New Jersey: Hartack and Grant to Do Battle at Camden; Latter Faces Stern Competition at Session; Delaware Valley May Be Next for Rice Entry, Daily Racing Form, 1959-05-04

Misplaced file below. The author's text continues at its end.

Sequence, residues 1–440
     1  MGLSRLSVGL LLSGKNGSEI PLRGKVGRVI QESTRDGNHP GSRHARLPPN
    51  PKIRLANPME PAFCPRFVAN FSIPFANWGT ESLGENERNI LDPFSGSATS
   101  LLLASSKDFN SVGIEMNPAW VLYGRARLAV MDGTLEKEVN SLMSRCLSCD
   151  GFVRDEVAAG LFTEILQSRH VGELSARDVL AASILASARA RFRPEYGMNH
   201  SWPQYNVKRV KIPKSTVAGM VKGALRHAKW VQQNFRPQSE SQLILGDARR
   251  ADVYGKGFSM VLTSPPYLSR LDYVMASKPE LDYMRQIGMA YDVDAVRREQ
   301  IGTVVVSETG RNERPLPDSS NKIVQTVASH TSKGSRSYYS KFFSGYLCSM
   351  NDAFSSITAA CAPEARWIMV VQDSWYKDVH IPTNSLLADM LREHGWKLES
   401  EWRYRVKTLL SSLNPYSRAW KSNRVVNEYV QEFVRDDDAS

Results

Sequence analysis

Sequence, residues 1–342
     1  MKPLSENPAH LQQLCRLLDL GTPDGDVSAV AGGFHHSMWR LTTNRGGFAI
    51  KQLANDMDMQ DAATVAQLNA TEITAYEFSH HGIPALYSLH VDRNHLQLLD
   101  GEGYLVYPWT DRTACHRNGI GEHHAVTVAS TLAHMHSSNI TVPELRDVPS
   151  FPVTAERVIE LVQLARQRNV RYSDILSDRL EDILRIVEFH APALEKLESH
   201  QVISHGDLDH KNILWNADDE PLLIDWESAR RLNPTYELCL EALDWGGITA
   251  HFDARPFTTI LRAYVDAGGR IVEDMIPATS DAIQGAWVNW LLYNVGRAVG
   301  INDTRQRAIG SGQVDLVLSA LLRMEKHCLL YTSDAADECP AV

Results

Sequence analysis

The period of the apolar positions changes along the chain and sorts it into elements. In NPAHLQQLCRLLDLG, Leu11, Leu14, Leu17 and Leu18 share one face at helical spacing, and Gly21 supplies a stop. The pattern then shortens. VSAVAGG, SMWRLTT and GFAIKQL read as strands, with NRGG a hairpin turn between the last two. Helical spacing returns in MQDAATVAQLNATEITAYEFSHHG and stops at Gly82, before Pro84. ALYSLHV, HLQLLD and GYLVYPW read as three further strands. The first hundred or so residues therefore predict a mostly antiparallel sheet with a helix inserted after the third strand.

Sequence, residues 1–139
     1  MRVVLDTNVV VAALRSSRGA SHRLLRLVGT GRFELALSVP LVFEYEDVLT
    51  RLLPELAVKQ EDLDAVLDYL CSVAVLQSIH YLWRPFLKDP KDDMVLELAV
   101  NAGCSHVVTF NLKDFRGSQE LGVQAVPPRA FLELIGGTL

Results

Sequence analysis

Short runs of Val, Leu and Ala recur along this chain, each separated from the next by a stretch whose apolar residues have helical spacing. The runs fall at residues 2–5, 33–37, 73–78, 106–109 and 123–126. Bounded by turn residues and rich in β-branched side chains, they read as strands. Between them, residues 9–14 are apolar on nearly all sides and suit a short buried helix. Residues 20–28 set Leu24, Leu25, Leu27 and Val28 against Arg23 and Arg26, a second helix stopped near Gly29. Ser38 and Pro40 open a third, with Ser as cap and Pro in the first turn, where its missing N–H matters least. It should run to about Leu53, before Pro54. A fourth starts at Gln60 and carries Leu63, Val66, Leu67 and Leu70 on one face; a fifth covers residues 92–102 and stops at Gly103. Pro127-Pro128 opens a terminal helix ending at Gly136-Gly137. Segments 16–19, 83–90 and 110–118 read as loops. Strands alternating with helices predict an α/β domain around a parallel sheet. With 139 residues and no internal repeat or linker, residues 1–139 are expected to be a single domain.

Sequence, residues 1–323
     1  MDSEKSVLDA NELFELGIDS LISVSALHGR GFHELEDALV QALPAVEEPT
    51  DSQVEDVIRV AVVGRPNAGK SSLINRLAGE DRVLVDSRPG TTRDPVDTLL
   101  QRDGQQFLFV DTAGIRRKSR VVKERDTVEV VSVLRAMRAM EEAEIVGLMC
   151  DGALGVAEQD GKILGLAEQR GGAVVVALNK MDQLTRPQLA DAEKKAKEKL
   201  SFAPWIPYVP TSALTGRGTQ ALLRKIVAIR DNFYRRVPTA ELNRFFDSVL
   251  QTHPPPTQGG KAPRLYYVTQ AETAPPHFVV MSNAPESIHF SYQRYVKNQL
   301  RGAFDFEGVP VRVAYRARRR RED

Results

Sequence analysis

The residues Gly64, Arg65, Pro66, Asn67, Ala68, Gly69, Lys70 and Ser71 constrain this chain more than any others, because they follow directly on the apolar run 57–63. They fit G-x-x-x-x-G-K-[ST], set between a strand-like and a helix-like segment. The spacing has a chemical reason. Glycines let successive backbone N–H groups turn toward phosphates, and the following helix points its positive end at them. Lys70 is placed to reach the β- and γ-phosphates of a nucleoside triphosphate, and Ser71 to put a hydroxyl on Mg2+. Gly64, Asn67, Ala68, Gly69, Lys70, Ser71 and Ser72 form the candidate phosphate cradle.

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am IBS— »»— New Jersey By Bob McCurley Hartack and Grant to Do Battle at Camden Latter Faces Stern Competition at Session Delaware Valley May Be Next for Rice Entry GARDEN STATE PARK, Camden. N. J., May 2.— The road from Charles Town, W. Va., to Garden State Park is not too far if youre at the wheel of a car. Roughly its about 250 miles and much of it is on smooth, super highways. However, its a lot longer on the back of a horse. It might be a few years or might be a lifetime. Countless young men, aspiring to be jockeys, have started out on this particular road, only a few have made it. Two that come to mind are Willie Hartack and Howard Grant, who are expected to battle it out for leading rider honors at this meeting as well as for national honors. But, that is another story. Hartack and Grant both got started at Charles Town. It was at that sleepy little country track in the mountains of Jefferson County that both began to click and the momentum gathered there carried them right through to the big time. Both Hartack, who came up under Norman Corbin, and Grant, who was brought around by George Strib-ling, had broken their maidens elsewhere. Hartack scored his first victory at Waterford Park in October of 1952 and Grant at Cranwood Park in October of 1956, but it was at Charles Town that each of them got rolling. Its peaches and cream now but in those days the only peaches available were in an orchard across route 340 from the track and there certainly wasnt any cream to be had. The old wooden barns left more air in than they kept out and the sleeping quarters were nothing to brag about. They have been fixed up considerably since then and some even had little gas heaters in them during the past winter. High Prerequisites; Intensive Schooling Stribling. who is a popular horseman on the West Virginia, Ohio, circuits, has developed quite a few riders, but Grant is his supreme achievement. He is a stern boss and works on the principal that if a boy wants to become a jockey he has to work hard and long around horses before he even thinks of riding one. A boy must be strong and have good hands, arms and shoulders if he expects to ride and Striblings way of building a boy up is to have him carry plenty of water. He has what are probably the biggest water buckets in racing. And all of the young help around the barn spend plenty of time carrying these pails full of water. Grant remembers them well and hell tell you about it if you ask him. It was at the spring meeting here last season that Grant really came into his own. Competing against the likes of Hartack, Sam Boulmetis, Walter Blum and other top-notch riders, the little reinsman from Cincinnati, Ohio, emerged the leading rider with 35 vie tories and at seasons end was second only to Willie Shoemaker in the national standings with 254 winners. He is off and winging to the finest start of his young career this season. Going into Saturdays card he had 103 scores, 52 of which came in a record-shattering spree at Bowie, to his credit, eight less than Shoemaker and two more than Bobby Ussery. The competition here this spring will be the stiffest in a good many years and the rider who emerges the winner will have to be clearly best. Grant definitely has his work cut out for him if he hopes to defend the laurels gained last season. In addition to Hartack, he will be oip against the likes of Boulmetis, Joe Culmone. Bill Harmatz, Karl Korte, Blum, Harold Keene, to mention only a few. It should be interesting. Hurley to Ride for Mazzeo From the Garden: Trainer Clyde Troutt is -considering sending both Cedar Brook and Rare Rice from the Mrs. Ada L. Rice stable in the 6-furlong Delaware Valley Stakes, May 9. Rare Rice captured Laurels Chesapeake Stakes in his last start. . . . Tony Mazzeo, who conditions a public stable here, has leased the contract of apprentice Richard E. Hurley for the current meeting. Hurley was the leading "bug" rider at Gulfstream Park this winter. . . . Trainer Eddie Yowell has shipped Cousin Con and Ben in for the local meeting. Ben, a two-year-old Greek Ship colt who is owned by Mrs. Ben Cohen, is among the eligibles for the 5,000 Cherry Hill Stakes, May 20. Jockey Jerry Truman, who has been sidelined since last summer by injuries suffered in a spill at Monmouth Park, is expected to rejoin the Spring Hill Farm during the meeting. Truman rode Easy Spur to his first major stakes victory in the Cherry Hill Stakes here last spring. . . . New additions to the local official staff include Gordon Morrow and Kenny Noe Jr. Morrow will serve in the capacity of assistant racing secretary while Noe will take over as a patrol judge. . . . Large brown splotches of dead grass in the field are no longer a problem here. The track maintenance crew simply sprays them with a water proof green dye and they blend in perfectly with the surrounding areas.

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